PSA Peugeot Citroen will close its Ryton plant by next summer, despite guaranteeing its future until 2010.
The Coventry plant’s 2,300 staff and trade unions were officially told today, by Jean Martin Folz, CEO of PSA.
Folz said: “The proposal follows a detailed study during the first quarter of 2006 by the group of its industrial cost effectiveness which has clearly confirmed the weaknesses for the Ryton plant. High production and logistical costs mean that the group is unable to justify the investment needed for the production of future vehicles.
“These internal factors, together with reduced demand and intense competition in Europe, have led the group to come to this difficult conclusion, having already reduced production at a number of other European sites at the end of 2005.”
The plant will be brought to a close in two stages. It currently operates two shifts, which will be moved to a single shift in July. Production will not continue beyond July next year.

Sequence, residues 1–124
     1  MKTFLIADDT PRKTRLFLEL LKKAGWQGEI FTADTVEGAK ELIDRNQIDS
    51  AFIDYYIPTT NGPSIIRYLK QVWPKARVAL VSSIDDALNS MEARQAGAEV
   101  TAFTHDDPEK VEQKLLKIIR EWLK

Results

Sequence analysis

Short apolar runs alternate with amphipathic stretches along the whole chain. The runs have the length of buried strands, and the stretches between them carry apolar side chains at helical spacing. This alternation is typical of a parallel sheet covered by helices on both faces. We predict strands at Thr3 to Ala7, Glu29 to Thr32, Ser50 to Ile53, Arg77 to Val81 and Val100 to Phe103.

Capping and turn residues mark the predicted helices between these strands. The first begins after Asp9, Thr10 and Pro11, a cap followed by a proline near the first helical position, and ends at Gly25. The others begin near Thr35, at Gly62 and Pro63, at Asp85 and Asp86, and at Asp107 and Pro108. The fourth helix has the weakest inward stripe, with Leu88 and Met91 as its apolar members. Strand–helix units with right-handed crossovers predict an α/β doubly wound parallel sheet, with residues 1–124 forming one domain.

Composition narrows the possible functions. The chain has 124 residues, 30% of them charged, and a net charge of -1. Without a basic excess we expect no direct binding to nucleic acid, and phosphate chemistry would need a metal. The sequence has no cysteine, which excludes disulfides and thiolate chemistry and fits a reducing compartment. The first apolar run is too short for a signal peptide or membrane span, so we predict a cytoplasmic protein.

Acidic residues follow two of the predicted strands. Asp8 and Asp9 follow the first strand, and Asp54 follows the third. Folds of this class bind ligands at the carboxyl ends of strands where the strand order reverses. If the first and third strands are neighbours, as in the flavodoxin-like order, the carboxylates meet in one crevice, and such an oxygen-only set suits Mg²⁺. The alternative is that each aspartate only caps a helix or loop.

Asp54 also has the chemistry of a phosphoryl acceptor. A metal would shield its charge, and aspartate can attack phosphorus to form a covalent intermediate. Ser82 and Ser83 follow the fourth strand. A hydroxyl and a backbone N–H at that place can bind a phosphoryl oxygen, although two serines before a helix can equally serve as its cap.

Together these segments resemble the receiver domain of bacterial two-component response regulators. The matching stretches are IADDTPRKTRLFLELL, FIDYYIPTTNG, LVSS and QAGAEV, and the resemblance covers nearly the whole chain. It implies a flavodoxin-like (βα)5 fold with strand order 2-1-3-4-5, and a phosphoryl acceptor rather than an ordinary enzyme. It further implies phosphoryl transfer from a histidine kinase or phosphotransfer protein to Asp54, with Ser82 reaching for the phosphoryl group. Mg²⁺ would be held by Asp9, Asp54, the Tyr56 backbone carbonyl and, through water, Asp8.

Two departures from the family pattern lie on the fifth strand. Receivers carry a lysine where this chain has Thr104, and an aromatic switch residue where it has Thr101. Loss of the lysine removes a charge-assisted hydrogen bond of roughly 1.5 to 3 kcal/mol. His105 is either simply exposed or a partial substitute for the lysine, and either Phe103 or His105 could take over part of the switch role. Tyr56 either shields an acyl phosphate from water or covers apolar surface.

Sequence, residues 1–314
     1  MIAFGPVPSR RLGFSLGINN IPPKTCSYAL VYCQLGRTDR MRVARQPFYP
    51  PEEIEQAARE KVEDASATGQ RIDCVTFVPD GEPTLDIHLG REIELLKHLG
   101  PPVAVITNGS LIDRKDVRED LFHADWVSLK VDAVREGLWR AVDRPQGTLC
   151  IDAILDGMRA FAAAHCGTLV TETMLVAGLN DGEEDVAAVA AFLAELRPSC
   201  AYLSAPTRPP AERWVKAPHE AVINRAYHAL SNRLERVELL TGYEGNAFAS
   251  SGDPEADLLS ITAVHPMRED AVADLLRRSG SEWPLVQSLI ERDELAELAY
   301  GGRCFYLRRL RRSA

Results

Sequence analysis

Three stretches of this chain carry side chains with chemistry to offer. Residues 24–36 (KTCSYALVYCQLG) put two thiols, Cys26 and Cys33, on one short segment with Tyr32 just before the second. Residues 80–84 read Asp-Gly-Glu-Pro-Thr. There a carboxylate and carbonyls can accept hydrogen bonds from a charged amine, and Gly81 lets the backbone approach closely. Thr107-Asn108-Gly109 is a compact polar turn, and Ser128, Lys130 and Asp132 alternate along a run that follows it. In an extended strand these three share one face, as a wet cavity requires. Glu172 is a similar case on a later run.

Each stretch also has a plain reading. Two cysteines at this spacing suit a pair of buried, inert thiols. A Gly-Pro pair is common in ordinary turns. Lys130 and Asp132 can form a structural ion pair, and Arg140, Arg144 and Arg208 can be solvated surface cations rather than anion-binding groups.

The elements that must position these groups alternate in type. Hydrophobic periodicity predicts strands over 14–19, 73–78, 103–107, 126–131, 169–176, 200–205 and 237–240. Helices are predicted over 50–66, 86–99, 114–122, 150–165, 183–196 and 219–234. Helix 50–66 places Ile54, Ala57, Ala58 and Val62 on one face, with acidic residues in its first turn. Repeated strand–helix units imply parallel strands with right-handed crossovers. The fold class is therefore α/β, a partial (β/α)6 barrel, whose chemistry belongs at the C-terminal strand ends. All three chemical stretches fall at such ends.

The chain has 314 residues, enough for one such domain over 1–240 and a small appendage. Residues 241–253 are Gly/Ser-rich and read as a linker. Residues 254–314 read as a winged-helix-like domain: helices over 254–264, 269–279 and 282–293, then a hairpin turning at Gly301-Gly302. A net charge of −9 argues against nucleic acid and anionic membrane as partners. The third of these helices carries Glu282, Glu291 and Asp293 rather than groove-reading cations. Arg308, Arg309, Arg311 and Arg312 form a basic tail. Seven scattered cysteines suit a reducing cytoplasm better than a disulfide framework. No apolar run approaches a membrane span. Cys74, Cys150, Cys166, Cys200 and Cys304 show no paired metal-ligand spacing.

The company says it will work with trade unions and the Government throughout the next few months to provide support packages for its staff.
At its peak, Ryton was running three shifts to match the demand for the 206. It was then cut back to two shifts, along with its other European plants, in March 2005.
Folz broke the news to staff today
Chris Macgowan, the Society of Motor Manufacturers and Traders chief executive, said: "The entire industry is united in extending thoughts to those employed at Ryton, and to those companies involved in the supply chain throughout the UK. Two thousand three hundred is a lot of lives affected and everyone will be wanting to help manage what is certain to be a very difficult period.
"The SMMT, the Automotive Academy and SMMT Industry Forum will be working to limit the impact of today's news, particularly for the workers involved and those companies operating in the West Midlands and wider community."